The arrest and alleged ill-treatment of an Indian diplomat accused of committing visa fraud and underpaying her domestic maid in New York has put the complex system of diplomatic immunity under the spotlight.
Devyani Khobragade, 39, an Indian consular officer, was handcuffed outside her daughter’s school in New York and put in jail briefly before posting bail last Thursday. She was strip searched and had to share a cell with drug addicts during her brief arrest.
U.S. prosecutors charged her with committing a visa violation and making false claims about the amount of money she paid an Indian national who worked for her as a domestic helper in order to obtain a visa for her to enter the country. If convicted, Ms. Khobragade faces a maximum sentence of 10 years for visa fraud and five years for making false statements.
She will challenge the prosecution on grounds of diplomatic immunity, said her lawyer Daniel N. Arshack. “She is protected from prosecution by virtue of her diplomatic status,” Mr. Arshack said in an email.
The U.S. State Department prosecutors said Ms. Khobragade does not have full diplomatic immunity. It said that, as a consular official, rather than a full diplomatic agent, under the United Nations’ Vienna Convention on consular relations, she is immune from arrest only for crimes committed in connection with her work.
Diplomats and consular officials are shielded under two different United Nations treaties – the Vienna Convention on Diplomatic Relations of 1961 and the Vienna Convention on Consular Relations of 1963.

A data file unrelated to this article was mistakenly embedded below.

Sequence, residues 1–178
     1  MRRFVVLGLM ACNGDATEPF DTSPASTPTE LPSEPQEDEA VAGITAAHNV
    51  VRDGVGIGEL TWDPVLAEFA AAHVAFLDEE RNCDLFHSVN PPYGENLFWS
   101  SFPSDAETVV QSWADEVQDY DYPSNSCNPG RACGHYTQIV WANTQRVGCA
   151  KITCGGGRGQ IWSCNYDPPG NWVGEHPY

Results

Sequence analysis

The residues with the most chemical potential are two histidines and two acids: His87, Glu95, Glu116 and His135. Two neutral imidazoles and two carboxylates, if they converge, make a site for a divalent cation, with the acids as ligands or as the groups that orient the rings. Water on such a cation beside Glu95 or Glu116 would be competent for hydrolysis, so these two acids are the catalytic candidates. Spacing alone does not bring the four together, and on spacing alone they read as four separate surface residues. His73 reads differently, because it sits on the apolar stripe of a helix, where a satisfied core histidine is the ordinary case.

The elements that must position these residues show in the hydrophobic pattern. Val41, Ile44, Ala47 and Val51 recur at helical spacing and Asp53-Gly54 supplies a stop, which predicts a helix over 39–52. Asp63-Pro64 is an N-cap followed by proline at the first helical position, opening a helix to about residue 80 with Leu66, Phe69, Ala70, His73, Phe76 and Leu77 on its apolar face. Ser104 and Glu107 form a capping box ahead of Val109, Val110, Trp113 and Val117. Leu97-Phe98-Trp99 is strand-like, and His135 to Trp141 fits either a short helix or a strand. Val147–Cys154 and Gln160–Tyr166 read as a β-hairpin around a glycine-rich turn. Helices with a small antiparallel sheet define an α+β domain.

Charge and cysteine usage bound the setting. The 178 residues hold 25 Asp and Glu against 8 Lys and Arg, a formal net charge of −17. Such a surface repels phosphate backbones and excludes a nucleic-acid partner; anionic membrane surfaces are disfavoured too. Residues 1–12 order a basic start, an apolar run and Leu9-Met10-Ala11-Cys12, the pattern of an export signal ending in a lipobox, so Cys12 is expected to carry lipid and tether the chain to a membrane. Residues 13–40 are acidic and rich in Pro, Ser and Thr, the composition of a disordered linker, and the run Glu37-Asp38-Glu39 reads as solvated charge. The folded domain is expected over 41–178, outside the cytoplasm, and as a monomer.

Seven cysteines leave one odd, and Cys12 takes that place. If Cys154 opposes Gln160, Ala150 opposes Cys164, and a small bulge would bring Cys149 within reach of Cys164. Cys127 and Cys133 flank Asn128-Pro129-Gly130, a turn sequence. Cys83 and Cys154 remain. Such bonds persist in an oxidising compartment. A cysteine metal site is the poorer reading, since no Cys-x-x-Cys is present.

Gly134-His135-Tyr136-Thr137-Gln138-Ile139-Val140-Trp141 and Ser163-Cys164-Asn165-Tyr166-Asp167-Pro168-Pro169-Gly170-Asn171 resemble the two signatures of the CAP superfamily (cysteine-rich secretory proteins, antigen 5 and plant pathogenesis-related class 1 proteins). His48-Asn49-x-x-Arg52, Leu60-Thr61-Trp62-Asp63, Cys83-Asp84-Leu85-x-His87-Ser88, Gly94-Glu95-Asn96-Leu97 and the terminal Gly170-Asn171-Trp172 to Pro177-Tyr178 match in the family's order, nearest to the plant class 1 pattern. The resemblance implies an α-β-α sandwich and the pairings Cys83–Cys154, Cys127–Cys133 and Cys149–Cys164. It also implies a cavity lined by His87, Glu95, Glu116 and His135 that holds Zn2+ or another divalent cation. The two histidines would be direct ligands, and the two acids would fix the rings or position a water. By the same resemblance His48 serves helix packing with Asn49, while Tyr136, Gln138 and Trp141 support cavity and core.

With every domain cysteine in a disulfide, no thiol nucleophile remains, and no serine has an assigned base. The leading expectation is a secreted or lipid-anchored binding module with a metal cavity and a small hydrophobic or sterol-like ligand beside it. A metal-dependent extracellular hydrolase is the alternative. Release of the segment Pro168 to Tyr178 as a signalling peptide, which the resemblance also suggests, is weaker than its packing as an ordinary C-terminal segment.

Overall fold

The diplomatic agents, including ambassadors, secretaries, office managers and some security personnel enjoy “complete personal inviolability,” which means they cannot be handcuffed (except in exceptional circumstances), arrested or detained or have their property can be searched, according to the State Department’s guidance document for law enforcement and judicial authorities. Family members forming part of the household of diplomatic agents enjoy precisely the same privileges and immunities.
Diplomatic agents are also immune from criminal and civil law suits barring a few exceptions and cannot be prosecuted, even for a serious offence, unless the immunity is waived by the sending country.
By contrast, consular officials – those who issue travel documents, deal with problems of their own nationals in the country – are protected in this way only while going about their official functions.
In Ms. Khobragade’s case, “she fell under that specific kind of immunity, and would be liable to arrest pending trial pursuant a felony arrest warrant,” State Department spokeswoman Marie Harf said.
“Criminal immunity precludes the exercise of jurisdiction by the courts over an individual whether the incident occurred prior to or during the period in which such immunity exists,” the State Department rulebook says.
Still, the State Department has the authority to reject Ms. Khobragade’s move to the U.N.
It remained unclear Thursday whether she would be granted retroactive diplomatic immunity.